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A lecturer used the N-word to illustrate a point about colonial history. A group of students subsequently left the room, and the management started talking about 'safe spaces' in teaching. But we must not let ourselves be controlled by student demands for ‘safe spaces’.
OPINION ON THE UNIVERSITY POST
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Does ‘a safe space’ mean the same in Gaza, Israel and Ukraine as in Denmark?
Have the concepts of safety become diluted, have the boundaries been moved too much for what students can complain about, and does UCPH bend the knee too quickly when under attack from students?
Has the fear of student reactions become so great that UCPH allows itself to be controlled by it?
On 11 October, the University Post published a feature article describing a lecture at the Global Development programme. A group of students got up and left when a teacher used the so-called N-word in his lecture. This episode is an example of a deplorable trend.
It is nice to see that there was partial support of the teacher from Global Development’s management. But in general, there is simply no longer much room for differences of opinion at UCPH.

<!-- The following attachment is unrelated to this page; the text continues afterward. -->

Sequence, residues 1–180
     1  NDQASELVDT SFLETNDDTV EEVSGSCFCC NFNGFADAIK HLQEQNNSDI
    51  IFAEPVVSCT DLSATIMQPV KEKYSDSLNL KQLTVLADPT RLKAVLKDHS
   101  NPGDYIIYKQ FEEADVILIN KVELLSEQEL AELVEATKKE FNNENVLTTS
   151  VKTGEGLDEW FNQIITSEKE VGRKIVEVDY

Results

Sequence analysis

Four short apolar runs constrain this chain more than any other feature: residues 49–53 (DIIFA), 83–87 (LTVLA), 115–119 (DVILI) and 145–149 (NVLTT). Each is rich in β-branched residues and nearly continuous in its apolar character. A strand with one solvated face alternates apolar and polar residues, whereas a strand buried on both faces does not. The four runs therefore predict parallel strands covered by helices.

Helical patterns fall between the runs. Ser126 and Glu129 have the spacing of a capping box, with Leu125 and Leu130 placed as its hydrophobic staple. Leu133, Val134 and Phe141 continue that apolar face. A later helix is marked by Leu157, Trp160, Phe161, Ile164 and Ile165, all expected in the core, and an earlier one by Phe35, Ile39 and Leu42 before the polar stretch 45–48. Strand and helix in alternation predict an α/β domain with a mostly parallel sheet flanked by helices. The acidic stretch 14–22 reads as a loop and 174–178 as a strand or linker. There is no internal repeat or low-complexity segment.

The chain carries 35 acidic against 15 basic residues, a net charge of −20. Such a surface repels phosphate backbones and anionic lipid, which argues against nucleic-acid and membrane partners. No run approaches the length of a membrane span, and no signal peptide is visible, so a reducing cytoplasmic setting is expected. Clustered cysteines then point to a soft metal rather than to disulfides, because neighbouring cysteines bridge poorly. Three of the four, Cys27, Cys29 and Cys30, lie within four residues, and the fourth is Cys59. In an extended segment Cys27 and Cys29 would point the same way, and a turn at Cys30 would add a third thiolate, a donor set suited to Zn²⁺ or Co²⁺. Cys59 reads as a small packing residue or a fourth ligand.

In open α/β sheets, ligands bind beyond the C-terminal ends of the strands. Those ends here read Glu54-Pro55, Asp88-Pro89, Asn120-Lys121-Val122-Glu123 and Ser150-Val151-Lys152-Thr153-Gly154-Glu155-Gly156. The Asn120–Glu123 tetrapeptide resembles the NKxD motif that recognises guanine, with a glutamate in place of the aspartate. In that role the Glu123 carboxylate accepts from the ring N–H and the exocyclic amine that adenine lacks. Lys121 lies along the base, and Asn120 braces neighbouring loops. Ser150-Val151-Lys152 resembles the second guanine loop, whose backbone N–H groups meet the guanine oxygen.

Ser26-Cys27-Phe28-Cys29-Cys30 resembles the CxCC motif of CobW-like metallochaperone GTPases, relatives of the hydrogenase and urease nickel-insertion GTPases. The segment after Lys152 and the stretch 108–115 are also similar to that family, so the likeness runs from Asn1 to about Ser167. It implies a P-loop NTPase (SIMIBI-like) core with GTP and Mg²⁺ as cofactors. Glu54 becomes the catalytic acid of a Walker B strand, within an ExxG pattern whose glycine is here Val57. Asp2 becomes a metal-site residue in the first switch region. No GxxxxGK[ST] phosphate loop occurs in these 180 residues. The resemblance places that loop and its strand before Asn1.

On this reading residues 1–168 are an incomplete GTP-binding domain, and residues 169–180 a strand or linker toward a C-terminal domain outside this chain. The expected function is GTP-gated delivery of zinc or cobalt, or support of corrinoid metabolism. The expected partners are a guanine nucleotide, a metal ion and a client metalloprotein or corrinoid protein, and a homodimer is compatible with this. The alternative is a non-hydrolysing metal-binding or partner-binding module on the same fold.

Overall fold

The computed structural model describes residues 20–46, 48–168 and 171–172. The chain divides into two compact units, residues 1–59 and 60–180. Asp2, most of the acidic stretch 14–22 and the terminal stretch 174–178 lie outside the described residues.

Ironically, the pursuit of inclusion has led to the exclusion of all those who do not conform. Jane Austen’s concept of the importance of a balance between sense and sensibility has been lost so that now there is only room at the University for sensibility, not for sense.
Dare we teach William Shakespeare, who gives voice to characters who speak ill of Africans, Jews, Arabs, the poor, the disabled, homosexuals as well as chauvinistic, white men, viragoes, and adulterers? Auch, auch, auch …
Students hopefully attend university to cultivate their minds, and this has traditionally been done through challenges in the form of encountering viewpoints that do not harmonize with one’s own and not by bandying platitudes.
It is disturbing that the freedom of thought necessary for higher education is being banned at university level and seems to exist only in society outside academia.
Life can be ugly sometimes and it does not become prettier by ignoring history and the pertinent historical terms. Knowledge becomes amputated if we do not call the beast by its name and avoid using the terms used through history. After all, using these words professionally is far from an expression of the teacher’s attitude – and this is what students must learn to distinguish between.